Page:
Recently, we were invited to speak at TexWorld USA for their July trade show. They partner with Lenzing to organize seminars for attendees to gain industry insights on the latest in textiles, sustainability and trends. They’ve also begun a boot camp series aimed to help emerging designers and small brands with the basics. We were asked to focus on sourcing and manufacturing for this beginner crew.

It’s tough to decide where to focus a lecture when you don’t know your audience, and most likely, out of over 150 attendees they are probably all in different places and experiencing different challenges. This in mind, I tried to give a very general outline of sourcing and manufacturing in order to see what questions came up, and then we would (hopefully) build from there. I was prepared for the worst and bracing myself for really difficult questions about finding the right factories, logistical issues, importing and exporting, sourcing the right fabrics for specific projects, and etc. Ironically, the challenges coming up for most people had to do with them not having done the preliminary research necessary at the start of their fashion business development and before jumping into manufacturing. What do I mean by that?

In summary, all the questions I received fell into 2 main categories:

questions How do I know how to price my product after making a sample?

How do I take my product to market?  Inventory first or pre-orders first?

Essentially, the answer to these questions are always the same.
Do your homework!

question 1

To understand how to price your product and receive the best cost price from your manufacturers, you MUST MUST MUST have a target cost before you ever ask a manufacturer to sample. If you don’t give them target costs to hit, it’s like asking someone to guess what’s best for you. I know it seems counter-intuitive, but you are not being savvy by asking a factory for their best price. This in fact, is not what negotiation looks like. The best you can do for your business is to have a transparent relationship with your manufacturer from the beginning. Ultimately they are a huge partner in the lifecycle of your product. Being upfront about your product cost targets and your expectations allows your manufacturing partner to be honest about what they can do. When you’ve set a clear cost target and clear expectations, then the negotiating can begin.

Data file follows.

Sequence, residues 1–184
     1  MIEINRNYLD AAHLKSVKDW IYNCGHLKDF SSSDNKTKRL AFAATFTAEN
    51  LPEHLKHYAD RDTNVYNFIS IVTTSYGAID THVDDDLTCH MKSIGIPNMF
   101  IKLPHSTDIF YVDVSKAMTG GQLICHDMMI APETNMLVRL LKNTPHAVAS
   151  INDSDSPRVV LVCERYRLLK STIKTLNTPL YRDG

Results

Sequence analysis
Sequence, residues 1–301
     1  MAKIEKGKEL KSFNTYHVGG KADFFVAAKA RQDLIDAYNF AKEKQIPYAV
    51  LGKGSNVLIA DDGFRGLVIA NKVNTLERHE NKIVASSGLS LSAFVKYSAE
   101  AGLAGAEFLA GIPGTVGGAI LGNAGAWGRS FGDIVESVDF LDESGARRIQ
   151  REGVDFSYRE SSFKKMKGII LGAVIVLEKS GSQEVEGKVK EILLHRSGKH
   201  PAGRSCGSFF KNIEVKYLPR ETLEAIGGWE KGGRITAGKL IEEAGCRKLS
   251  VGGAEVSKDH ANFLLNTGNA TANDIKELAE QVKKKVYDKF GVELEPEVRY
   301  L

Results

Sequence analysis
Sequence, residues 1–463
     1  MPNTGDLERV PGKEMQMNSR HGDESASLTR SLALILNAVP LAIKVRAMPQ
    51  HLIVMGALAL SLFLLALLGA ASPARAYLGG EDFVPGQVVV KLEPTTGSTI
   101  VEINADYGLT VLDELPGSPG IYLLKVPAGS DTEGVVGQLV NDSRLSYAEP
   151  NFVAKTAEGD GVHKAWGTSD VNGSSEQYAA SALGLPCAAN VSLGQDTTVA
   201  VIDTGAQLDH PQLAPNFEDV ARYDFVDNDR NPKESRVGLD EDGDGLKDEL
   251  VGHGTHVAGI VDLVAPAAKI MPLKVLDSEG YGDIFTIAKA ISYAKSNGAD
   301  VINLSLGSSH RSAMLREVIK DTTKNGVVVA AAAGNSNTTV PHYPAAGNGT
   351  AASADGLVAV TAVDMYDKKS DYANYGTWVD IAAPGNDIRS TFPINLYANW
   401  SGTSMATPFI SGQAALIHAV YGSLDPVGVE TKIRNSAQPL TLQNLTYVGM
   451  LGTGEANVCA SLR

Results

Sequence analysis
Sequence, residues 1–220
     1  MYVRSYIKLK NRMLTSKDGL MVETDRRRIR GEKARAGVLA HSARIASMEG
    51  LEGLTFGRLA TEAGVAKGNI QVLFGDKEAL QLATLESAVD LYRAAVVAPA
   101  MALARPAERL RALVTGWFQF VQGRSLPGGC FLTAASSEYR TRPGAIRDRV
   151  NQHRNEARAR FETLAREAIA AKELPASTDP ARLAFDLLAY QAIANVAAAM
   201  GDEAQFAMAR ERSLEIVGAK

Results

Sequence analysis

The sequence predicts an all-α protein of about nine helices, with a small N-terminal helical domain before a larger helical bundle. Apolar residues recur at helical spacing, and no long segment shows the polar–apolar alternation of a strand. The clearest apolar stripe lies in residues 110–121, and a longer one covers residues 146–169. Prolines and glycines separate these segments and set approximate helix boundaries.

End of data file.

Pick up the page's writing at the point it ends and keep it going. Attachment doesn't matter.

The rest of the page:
If you don’t know where to start when it comes to figuring out your target costs, you can learn more about why its important here, some advice on setting up a pricing strategy here and a step-by-step guide to calculating your target costs here. Clearly this is a subject we feel strongly about since we keep writing about it, so read and be better prepared. If you know your target costs, it shows your manufacturer that you’ve done your homework and understand your business, which helps to build their trust in you as a long time customer.


question2This seems to be the million dollar question (or as I like to say, the question I once paid a ‘Fashion consultant’ thousands of dollars to answer). We all  just want to be told the best road to take to be a success in fashion. Though, if you look around at all the designer stories out there, you will soon find that there is no one road that leads everyone to Rome. Your product is unique, your target audience is unique, and today in the world of this thing called omni-channel, no two customers shop alike. The preparation for going to market is a subject all it’s own, and therefor will write a whole post dedicated to this subject and my general advice I give on the subject. So basically, stay tuned!